November 30, 2004

Bongo Karaoke

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On an imaginary island in a faraway place, Donkey Kong and Diddy Kong stumble upon a pair of strange looking barrels on a deserted beach. Naturally, they take the barrels to Cranky Kong who tells them that the barrels are actually special bongos that play music whenever they drum them or clap. Donkey Kong and his faithful sidekick Diddy Kong decide that they will use the bongos to collect bananas and become famous. From this, the new Gamecube video game Donkey Konga was born. Hippie drum circles, step into the future: Donkey Konga is here.

That’s right, the game comes with a special type of controller — a pair of bongos. Certain symbols cross the screen according to a beat, indicating the type of action to perform. The controller allows for hitting the left drum, the right drum and it also has a microphone for clapping.

Donkey Konga’s predecessors include physically interactive games such as Dance Dance Revolution which subscribe to the idea that video games can be a full-body experience, not simply exercise for the thumbs. Yes, after playing for about thirty minutes, my friend, Chris Sosa ’05, and I were both sweating, hands stinging from the frenetic clapping and bongo-beating. Just as Cornell’s nerdier students used DDR to stay in shape, groups of spectacled engineers are sure to be crowded around a big screen television in the lobby of Appel, hitting sets of bongos enthusiastically with their massive forearms.

The package includes various modes of game-play, but they mostly consist of using the bongos to play songs, pursuant to some particular goal. The most fun to be had seemed to center around two-player games such as battle modes. Believe me, bongo-slapping for the highest score in Devo’s “Whip It” can get pretty ferocious. Whip it! Whip it good!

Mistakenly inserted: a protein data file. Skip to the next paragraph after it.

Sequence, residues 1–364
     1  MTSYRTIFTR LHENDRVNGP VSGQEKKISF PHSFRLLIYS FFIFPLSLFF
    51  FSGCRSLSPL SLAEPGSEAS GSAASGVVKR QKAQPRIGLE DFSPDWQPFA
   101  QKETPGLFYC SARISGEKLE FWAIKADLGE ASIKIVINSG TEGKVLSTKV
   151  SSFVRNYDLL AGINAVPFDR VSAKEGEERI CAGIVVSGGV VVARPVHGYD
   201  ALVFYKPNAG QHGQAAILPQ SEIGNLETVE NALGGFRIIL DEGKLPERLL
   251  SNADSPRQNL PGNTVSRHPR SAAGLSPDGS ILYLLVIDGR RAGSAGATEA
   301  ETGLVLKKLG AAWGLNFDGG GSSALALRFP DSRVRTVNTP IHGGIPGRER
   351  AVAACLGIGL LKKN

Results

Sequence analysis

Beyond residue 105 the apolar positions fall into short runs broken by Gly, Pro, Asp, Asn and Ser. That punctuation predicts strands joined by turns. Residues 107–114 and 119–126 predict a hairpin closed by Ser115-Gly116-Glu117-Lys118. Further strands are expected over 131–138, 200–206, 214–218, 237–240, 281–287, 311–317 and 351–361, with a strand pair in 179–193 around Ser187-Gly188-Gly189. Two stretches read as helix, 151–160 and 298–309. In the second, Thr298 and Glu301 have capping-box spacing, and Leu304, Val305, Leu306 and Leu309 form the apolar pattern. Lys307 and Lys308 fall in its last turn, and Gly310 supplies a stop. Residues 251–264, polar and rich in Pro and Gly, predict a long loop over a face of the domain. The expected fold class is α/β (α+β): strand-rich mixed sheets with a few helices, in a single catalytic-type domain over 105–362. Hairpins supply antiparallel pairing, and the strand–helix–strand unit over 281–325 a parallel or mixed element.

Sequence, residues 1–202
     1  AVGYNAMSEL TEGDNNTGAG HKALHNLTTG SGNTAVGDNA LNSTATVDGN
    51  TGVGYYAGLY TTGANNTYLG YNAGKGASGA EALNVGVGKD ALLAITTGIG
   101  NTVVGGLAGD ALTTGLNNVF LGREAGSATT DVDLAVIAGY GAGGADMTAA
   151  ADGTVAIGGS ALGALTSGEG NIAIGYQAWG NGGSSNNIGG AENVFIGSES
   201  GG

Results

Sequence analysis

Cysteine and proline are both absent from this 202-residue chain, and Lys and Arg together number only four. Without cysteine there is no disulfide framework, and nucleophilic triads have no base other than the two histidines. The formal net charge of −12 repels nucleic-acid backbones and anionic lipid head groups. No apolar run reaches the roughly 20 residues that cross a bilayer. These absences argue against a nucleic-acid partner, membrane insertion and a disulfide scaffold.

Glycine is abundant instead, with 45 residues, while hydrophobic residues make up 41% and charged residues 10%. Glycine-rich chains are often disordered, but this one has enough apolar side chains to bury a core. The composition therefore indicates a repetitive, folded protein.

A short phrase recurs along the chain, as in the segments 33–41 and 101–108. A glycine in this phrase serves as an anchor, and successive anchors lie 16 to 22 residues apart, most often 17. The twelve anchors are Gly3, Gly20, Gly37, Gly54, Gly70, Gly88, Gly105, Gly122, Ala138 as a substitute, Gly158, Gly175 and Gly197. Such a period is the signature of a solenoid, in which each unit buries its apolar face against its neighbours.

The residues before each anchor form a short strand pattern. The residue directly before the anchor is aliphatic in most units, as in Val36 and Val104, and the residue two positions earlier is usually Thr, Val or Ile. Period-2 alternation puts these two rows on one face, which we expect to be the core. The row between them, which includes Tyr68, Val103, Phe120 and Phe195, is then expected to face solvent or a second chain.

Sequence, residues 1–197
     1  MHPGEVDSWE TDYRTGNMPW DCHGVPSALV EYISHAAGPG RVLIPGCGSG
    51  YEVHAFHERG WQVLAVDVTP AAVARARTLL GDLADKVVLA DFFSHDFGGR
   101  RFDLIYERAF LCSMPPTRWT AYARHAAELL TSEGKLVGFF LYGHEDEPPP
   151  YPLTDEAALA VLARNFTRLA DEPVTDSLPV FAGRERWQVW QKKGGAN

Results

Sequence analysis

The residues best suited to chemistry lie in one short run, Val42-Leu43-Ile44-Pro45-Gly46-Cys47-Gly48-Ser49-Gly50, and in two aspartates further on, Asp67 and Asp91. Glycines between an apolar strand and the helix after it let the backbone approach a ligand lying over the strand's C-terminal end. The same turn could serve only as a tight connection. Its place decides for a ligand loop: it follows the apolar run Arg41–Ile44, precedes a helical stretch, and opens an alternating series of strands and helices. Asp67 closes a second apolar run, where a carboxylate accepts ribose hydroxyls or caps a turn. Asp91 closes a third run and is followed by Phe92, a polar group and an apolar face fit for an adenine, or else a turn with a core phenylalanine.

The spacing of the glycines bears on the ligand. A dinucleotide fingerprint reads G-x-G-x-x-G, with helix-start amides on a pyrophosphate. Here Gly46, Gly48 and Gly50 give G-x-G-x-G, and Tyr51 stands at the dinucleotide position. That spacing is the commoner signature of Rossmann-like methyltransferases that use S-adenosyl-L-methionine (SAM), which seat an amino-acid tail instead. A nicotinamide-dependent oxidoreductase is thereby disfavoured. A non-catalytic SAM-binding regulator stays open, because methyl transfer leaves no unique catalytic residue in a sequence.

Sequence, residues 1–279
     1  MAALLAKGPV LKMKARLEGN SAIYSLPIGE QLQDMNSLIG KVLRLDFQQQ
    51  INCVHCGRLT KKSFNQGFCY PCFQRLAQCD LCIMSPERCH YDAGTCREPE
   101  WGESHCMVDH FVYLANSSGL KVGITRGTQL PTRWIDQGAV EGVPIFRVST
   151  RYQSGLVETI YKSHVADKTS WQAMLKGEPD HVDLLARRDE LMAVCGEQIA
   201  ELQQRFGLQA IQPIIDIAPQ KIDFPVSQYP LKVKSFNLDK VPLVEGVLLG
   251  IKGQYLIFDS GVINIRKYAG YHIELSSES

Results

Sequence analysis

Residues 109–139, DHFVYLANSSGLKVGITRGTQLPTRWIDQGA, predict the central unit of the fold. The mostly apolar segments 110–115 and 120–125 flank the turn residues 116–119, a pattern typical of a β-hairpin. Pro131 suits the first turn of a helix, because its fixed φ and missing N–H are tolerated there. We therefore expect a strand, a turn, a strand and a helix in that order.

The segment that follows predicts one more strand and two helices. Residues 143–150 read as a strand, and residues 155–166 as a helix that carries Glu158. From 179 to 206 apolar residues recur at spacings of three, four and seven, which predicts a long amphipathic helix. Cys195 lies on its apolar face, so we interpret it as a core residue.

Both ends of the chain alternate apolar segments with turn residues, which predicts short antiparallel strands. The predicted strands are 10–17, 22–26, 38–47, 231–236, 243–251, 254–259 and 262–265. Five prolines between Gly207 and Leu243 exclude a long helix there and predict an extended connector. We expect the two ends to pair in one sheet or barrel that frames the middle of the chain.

A large part of the fun is the game’s song selection. I’m certain that many others have dreamed of playing the bongos to such hit songs as Blink-182’s “All the Small Things,” the Pokemon theme song, or even a special Donkey Kong rap. Yeah, it’s all there. Imagine playing the drums for a sold-out crowd at the Meadowlands. That’s what it’s like.

The game does have a few shortcomings, though. For one, right now the bongos only can be used for one game, namely Donkey Konga. Apparently, there are plans for the release of a second game, Donkey Kong Jungle Beat, but it is not set to see the light of day until May of 2005, at which point many of us will have already graduated, and will have no need for more tools of procrastination. But because there is only one use for the bongos, the game can get old quickly since there’s not much else to do with them. Regardless, it’s hard to keep playing after your hands start bleeding.

Also, the microphone sensor used to detect clapping can be too sensitive. This sensitivity can be adjusted, but then the player risks having his own claps left unnoticed. This means that oftentimes a player’s clap will register on his opponent’s bongos, decreasing his accuracy and, subsequently, his final score. I often used the simpler strategy of bending over and yelling into my opponent’s microphone. That works just as well.

But really, those are nitpicky points. Donkey Konga is fifteen minutes of fun for the whole dorm, or the whole house, or the whole whatever. Let go of your inhibitions and beat your bongos like no one’s watching. If I was stranded on a desert island, I would want three things: a gun, Pride and Prejudice, and Donkey Konga. Beat the drums like your ancestors never left the jungle. Buy Donkey Konga today! Approximately $50.

Archived article by Walter Chen
Sun Staff Writer